This technique is used to encourage participants to reflect, exchange ideas and experiences upon a realistic issue. Through the process of building the “image” that represents such situation and its alternative – the possible solution – participants both explore the issue within the group and show their vision to the public.
Image theatre is very diffuse during team building activities, since it allows participants to get to know each other by reflecting together upon the given situation and try to represent it through an easy technique. In fact, despite its name, image theatre does not expect particular acting skills: participants are asked to represent the situation as a still image.
The trainer could organize the activity following this scheme:
- Split the group in smaller groups (4-8 people) and assign to each of them a different issue.
- Ask the groups to discuss about the issue and create 2 images with their bodies: the first one representing the given situation, the second representing its possible solution as the participants conceive it. The groups have 30 minutes to design and build the two images.
- The groups form a semicircle and, in turn, each group is asked to take the stage and represents the first image in front of the other groups. Participants can move around the “sculpture” to observe each character’s pose and discuss about what they see. Variation: the facilitator can ask each character to shout a word to the public describing its role before allowing participants to circulate around the sculpture.
- After the first round, each group again takes the floor and, in turn, represents the first scene and then switches to the second one, the solution. Again, participants can move closely to the image, observing how the relationships within the group changed.
- Discuss with participants about the process that lead to the construction of the image (how did they choose the characters? How did they identify the solution? Etc..)
How To Implement It
This technique can be used to reflect upon environmental justice, inviting participants to represent first a real conflict situation and then asking them to think outside of the box and depict a social change by changing their poses.
After splitting participants in small groups, ask them to include the following characters in the representation/image: the helper, the advocate, the organizer and the rebel. All these roles are necessary to activate a social change process.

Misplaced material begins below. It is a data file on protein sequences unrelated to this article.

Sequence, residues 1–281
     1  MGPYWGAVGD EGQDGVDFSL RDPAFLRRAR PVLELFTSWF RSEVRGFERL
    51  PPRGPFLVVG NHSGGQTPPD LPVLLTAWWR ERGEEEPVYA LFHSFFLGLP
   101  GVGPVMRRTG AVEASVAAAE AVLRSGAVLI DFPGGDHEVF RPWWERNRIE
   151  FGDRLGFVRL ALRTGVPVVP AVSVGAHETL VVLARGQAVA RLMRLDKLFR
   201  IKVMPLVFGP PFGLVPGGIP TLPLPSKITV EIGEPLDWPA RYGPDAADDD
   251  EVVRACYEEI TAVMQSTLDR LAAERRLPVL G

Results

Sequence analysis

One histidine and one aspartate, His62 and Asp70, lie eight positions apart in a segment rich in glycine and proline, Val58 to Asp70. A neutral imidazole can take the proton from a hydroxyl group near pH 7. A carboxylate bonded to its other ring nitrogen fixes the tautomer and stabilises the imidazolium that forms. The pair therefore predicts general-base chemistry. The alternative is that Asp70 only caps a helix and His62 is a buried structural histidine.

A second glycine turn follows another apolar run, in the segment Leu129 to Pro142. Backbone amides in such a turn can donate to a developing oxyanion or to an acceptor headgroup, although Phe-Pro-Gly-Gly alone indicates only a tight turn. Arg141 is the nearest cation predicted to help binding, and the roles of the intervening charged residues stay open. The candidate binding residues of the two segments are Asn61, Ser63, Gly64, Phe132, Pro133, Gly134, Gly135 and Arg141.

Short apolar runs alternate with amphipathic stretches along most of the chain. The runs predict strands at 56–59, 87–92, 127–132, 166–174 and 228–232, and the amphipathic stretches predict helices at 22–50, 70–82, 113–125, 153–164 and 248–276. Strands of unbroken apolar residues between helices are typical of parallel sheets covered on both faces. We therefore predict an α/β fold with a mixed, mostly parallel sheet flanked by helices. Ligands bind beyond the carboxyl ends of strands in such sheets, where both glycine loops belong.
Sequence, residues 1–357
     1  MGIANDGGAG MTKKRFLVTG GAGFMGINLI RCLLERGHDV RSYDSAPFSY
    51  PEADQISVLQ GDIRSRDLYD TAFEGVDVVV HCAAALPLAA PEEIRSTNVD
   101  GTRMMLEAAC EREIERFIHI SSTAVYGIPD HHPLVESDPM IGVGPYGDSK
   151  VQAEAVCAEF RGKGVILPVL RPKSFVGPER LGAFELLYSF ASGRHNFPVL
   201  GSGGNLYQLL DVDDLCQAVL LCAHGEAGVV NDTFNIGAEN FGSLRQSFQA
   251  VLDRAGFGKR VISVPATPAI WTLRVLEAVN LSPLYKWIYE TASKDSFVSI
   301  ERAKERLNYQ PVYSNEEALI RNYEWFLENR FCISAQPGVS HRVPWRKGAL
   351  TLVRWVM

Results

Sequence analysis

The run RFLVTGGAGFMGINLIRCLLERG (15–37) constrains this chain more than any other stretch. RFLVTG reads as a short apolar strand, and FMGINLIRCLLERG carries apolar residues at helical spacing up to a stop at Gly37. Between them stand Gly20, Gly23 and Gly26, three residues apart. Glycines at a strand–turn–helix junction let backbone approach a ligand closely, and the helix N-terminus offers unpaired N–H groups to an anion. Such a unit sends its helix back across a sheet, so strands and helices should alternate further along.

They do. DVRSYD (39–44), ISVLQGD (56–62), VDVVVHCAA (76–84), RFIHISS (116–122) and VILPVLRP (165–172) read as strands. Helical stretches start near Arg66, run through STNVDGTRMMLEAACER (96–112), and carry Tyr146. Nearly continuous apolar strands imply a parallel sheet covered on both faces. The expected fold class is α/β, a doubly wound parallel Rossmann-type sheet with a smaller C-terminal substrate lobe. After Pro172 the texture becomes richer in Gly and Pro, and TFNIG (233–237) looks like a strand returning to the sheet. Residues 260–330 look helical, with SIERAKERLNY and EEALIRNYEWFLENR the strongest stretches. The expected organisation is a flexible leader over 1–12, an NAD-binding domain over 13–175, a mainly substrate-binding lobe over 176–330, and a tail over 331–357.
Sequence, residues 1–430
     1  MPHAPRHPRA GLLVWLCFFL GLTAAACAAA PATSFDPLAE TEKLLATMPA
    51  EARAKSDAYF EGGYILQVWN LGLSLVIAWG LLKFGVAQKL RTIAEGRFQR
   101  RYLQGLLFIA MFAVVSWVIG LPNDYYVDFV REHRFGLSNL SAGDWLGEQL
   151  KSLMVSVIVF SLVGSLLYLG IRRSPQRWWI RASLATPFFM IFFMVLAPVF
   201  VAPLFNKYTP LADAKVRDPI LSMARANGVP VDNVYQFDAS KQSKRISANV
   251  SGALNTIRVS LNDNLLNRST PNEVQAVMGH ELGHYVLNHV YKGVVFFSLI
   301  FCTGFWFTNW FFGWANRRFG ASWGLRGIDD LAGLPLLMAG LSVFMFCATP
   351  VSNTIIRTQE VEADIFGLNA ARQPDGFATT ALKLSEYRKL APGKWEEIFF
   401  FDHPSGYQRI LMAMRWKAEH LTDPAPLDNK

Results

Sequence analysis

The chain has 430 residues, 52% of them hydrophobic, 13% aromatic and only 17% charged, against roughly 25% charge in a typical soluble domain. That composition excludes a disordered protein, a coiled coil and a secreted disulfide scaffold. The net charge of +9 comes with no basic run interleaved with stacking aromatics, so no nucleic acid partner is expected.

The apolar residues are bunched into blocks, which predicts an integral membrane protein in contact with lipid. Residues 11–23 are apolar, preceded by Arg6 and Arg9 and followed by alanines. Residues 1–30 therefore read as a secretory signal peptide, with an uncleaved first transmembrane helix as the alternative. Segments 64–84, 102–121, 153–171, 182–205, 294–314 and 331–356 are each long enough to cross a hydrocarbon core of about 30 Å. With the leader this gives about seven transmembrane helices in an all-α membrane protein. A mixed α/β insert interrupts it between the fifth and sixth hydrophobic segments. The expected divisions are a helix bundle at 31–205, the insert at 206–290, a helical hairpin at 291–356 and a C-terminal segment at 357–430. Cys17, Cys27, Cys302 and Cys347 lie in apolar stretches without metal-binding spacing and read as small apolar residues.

- International policy forum;
- Land grabbing, etc.
International policy forum
- President Trump pulls out US of Paris climate agreement and asks for a revision of US goals.
Advocate: second guy from the left, he represents one of the signatory states, he claims for the respect of Paris Agreement – reached after many years of negotiation – as it is, with no renegotiation.
Helper: First girl on the left, she supports signatory members asking for the agreement respect.
Organizer: girl in the middle, trying to coordinate the advocates and the rebels.
Rebel: first guy on the right, very disappointed for the withdrawal, doesn’t want to re-open the discussion with President Trump.
- Signatory states and civil society organizations reject Trump from the international decision making process.
- Deforestation attempt of Amazon rainforest
Rebel: Guy with the cap, he is an environmental activist protecting the forest (girl with a green bow) from deforestation for land conversion to cattle ranching, represented by the girl with the stick.
Advocate: Guy standing at the back of the girl with the stick, he tries to discourage the destruction of the tropical rainforest.
Helper: girl with the copybook, she supports the fight for the Amazon protection by helping media diffusion.
Organizer: guy with the yellow t-shirt, he tries to ease the communication between the helper and the advocate.
- Cooperation between civil society organizations, citizens, local farmers and government start a re-forestation and restoration process.
- People are still not interested by climate emergencies and information overload, particularly on social media, crushes on the general public (represented by the 2 guys shoulder to shoulder).
Advocate: the girl in the front shows alternative information and explains why it is important to know about it.
Organizer: the guy in the green t-shirt allows the organisational coordination and communication of the combined actions.
Helper: the guy in the black top supports both the rebel and the advocate.
Rebel: Girl in the back in blue tries to disrupt the disinterest of the general public
- The general public has better understanding of pressuring issues and access to different sources of information including non electronic
Land grabbing in Africa
Rebel: third girl from the right with the hand raised, she claims for the immediate stop of land grabbing practices.
Helper: second girl from the right, she supports local farmers and activists to tackle land grabbing.
Advocate: second girl from the left, she tries to discourage the government from accepting money from transnational investors for land grabbing.
Organizer: third girl from the left, with the copybook, she observes the situation on the ground and reports it to the advocate.
- Governments find different investors and fund local farming.
Session “Building an international climate justice campaigns’ strategy”
Thor Markussen – Friends of the Earth Europe
Climate Justice – Download
- Image theatre by Beautiful trouble: a toolbox for revolution an example of Image Theater utilization to explore environmental justice (Chevron oil industry conflict)
- Image theatre by Drama Resource
- Image theatre: opening a dialogue through our bodies